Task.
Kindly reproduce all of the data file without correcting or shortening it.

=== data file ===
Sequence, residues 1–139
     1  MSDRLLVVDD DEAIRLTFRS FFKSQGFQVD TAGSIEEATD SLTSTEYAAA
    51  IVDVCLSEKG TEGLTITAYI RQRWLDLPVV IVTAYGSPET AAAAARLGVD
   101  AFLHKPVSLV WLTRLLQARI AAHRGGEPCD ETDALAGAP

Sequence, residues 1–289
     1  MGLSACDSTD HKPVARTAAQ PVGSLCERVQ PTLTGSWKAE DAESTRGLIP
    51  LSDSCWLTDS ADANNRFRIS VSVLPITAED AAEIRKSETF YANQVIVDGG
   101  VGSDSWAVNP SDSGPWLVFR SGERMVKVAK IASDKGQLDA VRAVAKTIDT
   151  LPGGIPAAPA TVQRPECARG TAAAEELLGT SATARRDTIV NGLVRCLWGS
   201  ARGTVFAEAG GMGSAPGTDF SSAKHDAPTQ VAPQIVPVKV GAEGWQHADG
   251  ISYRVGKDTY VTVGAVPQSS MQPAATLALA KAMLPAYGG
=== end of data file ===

Sequence, residues 1–139
     1  MSDRLLVVDD DEAIRLTFRS FFKSQGFQVD TAGSIEEATD SLTSTEYAAA
    51  IVDVCLSEKG TEGLTITAYI RQRWLDLPVV IVTAYGSPET AAAAARLGVD
   101  AFLHKPVSLV WLTRLLQARI AAHRGGEPCD ETDALAGAP

Sequence, residues 1–289
     1  MGLSACDSTD HKPVARTAAQ PVGSLCERVQ PTLTGSWKAE DAESTRGLIP
    51  LSDSCWLTDS ADANNRFRIS VSVLPITAED AAEIRKSETF YANQVIVDGG
   101  VGSDSWAVNP SDSGPWLVFR SGERMVKVAK IASDKGQLDA VRAVAKTIDT
   151  LPGGIPAAPA TVQRPECARG TAAAEELLGT SATARRDTIV NGLVRCLWGS
   201  ARGTVFAEAG GMGSAPGTDF SSAKHDAPTQ VAPQIVPVKV GAEGWQHADG
   251  ISYRVGKDTY VTVGAVPQSS MQPAATLALA KAMLPAYGG